Tag: Gift for a Host

Let’s Decorate the Sukkah!

Let’s Decorate the Sukkah!

Each fall Jews build strange-looking booths and move in for a few days. Anyone who builds a sukkah, puts an effort to decorate it. Each one is unique, showing how special different families are or what’s the tradition they are part of.
Check out a few ideas to make your sukkah truly beautiful and unique!

Hamsa: a Unique Jewish Talisman

Hamsa: a Unique Jewish Talisman

Hamsa (חַמְסָה) is a symbol, or an amulet in the shape of a hand. It is recognized as a symbol of God’s protection against the evil eye (ayin ha-rah) – hence there is often a shape of an eye in the middle of it. It’s a popular amulet across the Middle East and the Maghreb and can be seen used in decorations and jewelry. It also sometimes called the Hand of Fatima, the Hand of Mary or the Hand of Miriam.

Birkat HaBayit: Jewish Blessings for the Home

Birkat HaBayit: Jewish Blessings for the Home

Birkat HaBayit means Blessing for the Home. You can often see wall art or smaller plaques near the entrance or windows with Hebrew or Hebrew and English text praying for the prosperity of all who live there.

The tradition of placing blessings in our homes is surprisingly not that old. Through the ages, there always have been a variety of amulets used among the Jewish people, but a blessing for the home seems to be a pretty recent phenomenon. 

Shiviti: Mixing Visual Meditation, Mysticism, and Art

Shiviti: Mixing Visual Meditation, Mysticism, and Art

Shiviti (sometimes pronounced “shivisi” in the Ashkenazic tradition) is a name given to a group of liturgical art incorporating a verse from Psalm 16:8. They are made as visual meditations and reminders of the constant presence of God. Its purpose is to inspire one to create an appropriate spiritual attitude (kavannah) when praying.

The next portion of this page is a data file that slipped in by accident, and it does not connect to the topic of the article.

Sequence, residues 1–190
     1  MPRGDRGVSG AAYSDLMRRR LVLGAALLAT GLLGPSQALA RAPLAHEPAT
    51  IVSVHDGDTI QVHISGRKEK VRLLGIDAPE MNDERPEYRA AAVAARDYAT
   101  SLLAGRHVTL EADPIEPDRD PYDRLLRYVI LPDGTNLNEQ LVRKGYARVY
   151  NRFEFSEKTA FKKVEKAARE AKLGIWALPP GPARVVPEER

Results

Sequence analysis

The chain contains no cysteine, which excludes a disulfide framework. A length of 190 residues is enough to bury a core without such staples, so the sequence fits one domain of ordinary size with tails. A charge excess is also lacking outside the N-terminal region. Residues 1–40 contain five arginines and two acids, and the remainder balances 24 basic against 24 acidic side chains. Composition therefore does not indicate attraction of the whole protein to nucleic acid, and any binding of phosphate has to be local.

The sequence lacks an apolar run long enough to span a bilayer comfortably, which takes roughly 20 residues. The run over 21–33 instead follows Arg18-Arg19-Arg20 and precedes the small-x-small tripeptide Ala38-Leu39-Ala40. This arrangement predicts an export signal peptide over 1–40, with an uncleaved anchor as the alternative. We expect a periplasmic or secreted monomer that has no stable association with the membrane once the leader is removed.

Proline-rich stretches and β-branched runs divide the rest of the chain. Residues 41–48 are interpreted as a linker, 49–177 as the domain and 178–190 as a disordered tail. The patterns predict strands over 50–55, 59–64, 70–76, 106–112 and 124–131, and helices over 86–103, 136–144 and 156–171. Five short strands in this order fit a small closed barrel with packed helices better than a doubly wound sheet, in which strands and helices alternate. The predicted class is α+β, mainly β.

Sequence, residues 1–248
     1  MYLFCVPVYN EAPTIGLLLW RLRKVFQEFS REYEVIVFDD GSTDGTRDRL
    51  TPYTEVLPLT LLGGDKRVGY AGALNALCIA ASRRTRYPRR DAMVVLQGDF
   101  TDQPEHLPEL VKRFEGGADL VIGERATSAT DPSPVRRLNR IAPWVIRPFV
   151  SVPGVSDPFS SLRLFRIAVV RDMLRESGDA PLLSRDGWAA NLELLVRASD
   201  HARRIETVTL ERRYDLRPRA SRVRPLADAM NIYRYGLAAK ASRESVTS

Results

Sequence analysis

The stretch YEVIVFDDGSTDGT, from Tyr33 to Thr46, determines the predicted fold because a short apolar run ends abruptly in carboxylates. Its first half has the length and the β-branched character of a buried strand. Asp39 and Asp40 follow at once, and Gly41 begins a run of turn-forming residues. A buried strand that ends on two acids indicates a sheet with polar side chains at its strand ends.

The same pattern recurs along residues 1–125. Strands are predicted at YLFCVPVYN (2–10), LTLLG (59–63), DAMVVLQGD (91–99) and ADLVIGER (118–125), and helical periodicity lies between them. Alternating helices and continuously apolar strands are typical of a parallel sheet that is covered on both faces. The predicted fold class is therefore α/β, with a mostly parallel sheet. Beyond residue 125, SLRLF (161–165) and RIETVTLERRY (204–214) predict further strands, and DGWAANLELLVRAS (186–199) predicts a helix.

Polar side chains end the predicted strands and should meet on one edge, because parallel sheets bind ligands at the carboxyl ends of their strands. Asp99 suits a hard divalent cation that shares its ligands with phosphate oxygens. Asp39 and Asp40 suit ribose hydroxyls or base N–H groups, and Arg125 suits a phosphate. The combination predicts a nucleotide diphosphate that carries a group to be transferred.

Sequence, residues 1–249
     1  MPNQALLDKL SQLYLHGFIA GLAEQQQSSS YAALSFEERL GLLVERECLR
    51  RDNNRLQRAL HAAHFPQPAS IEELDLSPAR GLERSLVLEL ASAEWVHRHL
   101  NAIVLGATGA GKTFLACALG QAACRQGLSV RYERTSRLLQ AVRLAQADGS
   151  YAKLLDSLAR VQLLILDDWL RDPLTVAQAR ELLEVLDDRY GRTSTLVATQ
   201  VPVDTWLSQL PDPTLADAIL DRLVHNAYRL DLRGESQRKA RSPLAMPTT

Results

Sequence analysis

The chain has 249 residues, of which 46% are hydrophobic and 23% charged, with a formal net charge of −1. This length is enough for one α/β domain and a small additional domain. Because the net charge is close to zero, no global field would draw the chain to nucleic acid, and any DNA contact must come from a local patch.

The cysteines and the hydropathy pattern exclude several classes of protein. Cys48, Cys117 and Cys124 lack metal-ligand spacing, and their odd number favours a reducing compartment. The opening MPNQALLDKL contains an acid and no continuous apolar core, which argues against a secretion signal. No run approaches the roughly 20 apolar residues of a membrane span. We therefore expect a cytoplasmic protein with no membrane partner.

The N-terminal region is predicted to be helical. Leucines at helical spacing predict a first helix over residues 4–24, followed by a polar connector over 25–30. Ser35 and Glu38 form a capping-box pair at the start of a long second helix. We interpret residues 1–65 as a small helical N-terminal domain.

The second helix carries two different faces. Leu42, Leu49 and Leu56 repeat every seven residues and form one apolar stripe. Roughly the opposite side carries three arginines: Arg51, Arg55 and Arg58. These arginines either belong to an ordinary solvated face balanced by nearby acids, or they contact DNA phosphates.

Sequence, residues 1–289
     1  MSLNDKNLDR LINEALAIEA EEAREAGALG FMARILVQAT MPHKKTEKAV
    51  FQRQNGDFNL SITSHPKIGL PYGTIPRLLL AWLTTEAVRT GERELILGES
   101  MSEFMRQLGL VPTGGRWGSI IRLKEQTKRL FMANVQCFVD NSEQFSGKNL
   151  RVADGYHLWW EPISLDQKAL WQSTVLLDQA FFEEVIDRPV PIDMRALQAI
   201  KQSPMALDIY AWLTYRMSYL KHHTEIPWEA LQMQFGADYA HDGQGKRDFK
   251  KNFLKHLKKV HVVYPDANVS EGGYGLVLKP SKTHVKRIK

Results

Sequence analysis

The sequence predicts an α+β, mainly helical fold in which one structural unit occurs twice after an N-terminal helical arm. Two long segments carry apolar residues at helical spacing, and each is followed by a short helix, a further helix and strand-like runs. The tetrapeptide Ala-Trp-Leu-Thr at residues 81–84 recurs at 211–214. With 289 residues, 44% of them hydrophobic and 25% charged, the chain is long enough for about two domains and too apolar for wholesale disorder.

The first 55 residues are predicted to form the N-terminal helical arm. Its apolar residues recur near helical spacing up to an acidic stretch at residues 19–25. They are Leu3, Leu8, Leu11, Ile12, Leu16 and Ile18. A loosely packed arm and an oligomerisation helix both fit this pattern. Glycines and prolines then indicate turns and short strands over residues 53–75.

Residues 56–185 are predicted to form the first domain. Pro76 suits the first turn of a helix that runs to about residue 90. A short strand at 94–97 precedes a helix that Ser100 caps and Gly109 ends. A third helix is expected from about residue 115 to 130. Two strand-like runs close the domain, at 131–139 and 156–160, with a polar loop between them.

Mizrach

Mizrach

For thousands of years, the Jewish people face Jerusalem when we pray. First, it was towards the Holy Temple, the holiest place on Earth. Then, when the Jews dispersed all over the world. But whenever we moved to, we faced toward Israel. In Europe, it meant the general direction of the East or “mizrach” in Hebrew.

Around the Shabbat Table

Around the Shabbat Table

What would be a Shabbat meal without lovely challot under a beautifully decorated cloth? And you can’t cut them on a random board, can you? I’ve prepared a huge (and still growing) collection of challah covers, cutting boards, serving platters in addition to napkins and tablecloths.

Eshet Chayil: Woman of Valor

Eshet Chayil: Woman of Valor

Eshet Chayil is the much-beloved hymn to a Woman of Valor sung by King Salomon (Proverbs 31). This song is traditionally sung on Shabbat but is also considered the perfect poem to praise the perfect woman in your life. I’ve prepared designs with full texts of the hymn and quotes take out of it. Each item is the perfect design for decorating one’s home or to present as a gift – for your Shabbat hosts, for a bride, your Mom, a teacher, or a bat mitzvah.

Tanach (Hebrew Bible) Quotes

Tanach (Hebrew Bible) Quotes

Torah (and the whole Tanach, or, Hebrew Bible) is an unending source of wisdom and inspiration. Adding to it the beauty of the Hebrew language, and we have the perfect art for any Jewish home or institution. Great ideas for your own space or to present as a gift.
The designs are available as wall art and home decor (including bedding, pillows, blankets, clocks, and more). You will find a vast choice of clothing, accessories (jewelry, bags, scarfs, phone cases, etc.), and stationery.

Pesach: Seder Plate

Pesach: Seder Plate

The holiday of Pesach begins with a dinner known as “seder”, as everything that happens is prescribed by tradition and follows an ancient order. One of the crucial elements of the set table is the seder plate with symbolic foods. Over centuries, there have been hundreds of artists creating their own masterpieces of the traditional piece. Made of silver or ceramics, beautifully decorated and covered with Hebrew terms for the symbolic items. Sometimes there were added quotes from the Haggadah (the story of Exodus) or the Torah.